Kevin Lee

California Farmers Won’t Get Water from the State This Year

by , 02/25/14
filed under: News, Water Issues

California, California drought, California dry spell, Climate Change, Environmental destruction, agriculture, drought and farming, drought in the US, Bureau of Reclamation, California Snowpack, Central Valley Project, State Water Project, agricultural production, endangered fish, wildlife refuge, irrigated land, federally controlled water system,

California is experiencing one of its driest periods in recorded history, and now local farmers are being told not to expect any water from the state. Federal officials from the Bureau of Reclamation released a new report last Friday that shows California’s snowpack is currently sitting at 29 percent of the average for this time of year. As a result, state and federal officials are not expected to release water reserves for farmers.

California, California drought, California dry spell, Climate Change, Environmental destruction, agriculture, drought and farming, drought in the US, Bureau of Reclamation, California Snowpack, Central Valley Project, State Water Project, agricultural production, endangered fish, wildlife refuge, irrigated land, federally controlled water system,

The affected farmers rely on water from a federally controlled system of rivers, canals, and reservoirs called the Central Valley Project. California officials who run the State Water Project, the state’s other major water system, have already announced they not be releasing any water for farmers for the first in the system’s 54-year history.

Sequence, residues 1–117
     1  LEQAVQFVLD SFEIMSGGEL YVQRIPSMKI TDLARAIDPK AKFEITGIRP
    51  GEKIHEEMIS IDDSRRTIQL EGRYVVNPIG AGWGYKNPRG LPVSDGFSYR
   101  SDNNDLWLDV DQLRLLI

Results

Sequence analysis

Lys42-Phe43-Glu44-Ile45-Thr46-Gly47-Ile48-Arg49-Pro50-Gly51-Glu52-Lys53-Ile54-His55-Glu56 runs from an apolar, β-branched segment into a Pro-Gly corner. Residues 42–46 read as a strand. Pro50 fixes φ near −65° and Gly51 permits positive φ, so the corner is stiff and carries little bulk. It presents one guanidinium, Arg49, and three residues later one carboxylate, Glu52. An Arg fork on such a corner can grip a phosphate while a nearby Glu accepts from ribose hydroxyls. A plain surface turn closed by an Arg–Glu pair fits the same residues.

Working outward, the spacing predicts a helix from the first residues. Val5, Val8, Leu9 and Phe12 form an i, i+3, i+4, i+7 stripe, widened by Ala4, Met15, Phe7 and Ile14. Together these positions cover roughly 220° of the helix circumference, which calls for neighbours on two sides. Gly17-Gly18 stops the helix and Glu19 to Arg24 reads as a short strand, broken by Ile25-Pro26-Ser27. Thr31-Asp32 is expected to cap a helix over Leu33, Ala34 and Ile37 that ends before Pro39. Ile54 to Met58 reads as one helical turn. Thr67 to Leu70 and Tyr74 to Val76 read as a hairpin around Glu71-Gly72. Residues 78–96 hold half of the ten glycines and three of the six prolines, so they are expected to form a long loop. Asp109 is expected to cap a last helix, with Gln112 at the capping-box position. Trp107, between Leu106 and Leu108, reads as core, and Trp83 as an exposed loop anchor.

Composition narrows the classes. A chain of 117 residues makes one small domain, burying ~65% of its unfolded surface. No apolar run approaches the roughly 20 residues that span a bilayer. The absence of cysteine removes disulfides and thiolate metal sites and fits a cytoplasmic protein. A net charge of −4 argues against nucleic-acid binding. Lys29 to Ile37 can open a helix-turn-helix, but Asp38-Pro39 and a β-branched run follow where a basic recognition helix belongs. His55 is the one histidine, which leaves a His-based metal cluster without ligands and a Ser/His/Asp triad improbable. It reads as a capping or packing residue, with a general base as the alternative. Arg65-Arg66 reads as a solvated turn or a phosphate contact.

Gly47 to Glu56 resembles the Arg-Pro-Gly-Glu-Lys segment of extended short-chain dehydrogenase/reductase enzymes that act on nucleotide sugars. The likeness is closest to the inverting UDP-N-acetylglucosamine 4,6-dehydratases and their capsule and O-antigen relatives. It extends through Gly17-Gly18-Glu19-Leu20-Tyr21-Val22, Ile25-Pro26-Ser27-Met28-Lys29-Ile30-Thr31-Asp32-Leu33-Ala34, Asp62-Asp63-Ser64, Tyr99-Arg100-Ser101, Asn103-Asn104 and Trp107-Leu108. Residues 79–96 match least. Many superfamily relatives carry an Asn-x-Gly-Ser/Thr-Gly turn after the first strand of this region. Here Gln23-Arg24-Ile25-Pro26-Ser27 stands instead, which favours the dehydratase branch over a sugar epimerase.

This is not the first time farmers on the West Coast have been shortchanged by nature and the federally controlled water system. Last year fields in California only received a measly 20 percent of their normal water allotment. Meanwhile, in 2009 a severely dry season reduced the farmers’ water allowance to an even lower 10 percent.

Individual farmers are looking at a big hit as they will be forced to leave fields unplanted while they scrounge for water from wells or pay high market prices to irrigate their land. On the larger scale, entire areas will be hampered by the drought, including Fresno County, which operates a $6.6 billion agriculture production industry. Beyond farms, wildlife refuges will only receive 40 percent of their contracted water supply to keep ponds afloat for endangered fish.

Via NY Times

Images © Derek T’s Photos and Trevor

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1 Comment

  1. Tamara Bennett February 28, 2014 at 11:44 am

    Going to have the same problem in the future here in Arizona – yet I don’t hear about CA or AZ prohibiting all the water used for grass lawns, golf courses (though some are graywater but not all) or swimming pools.

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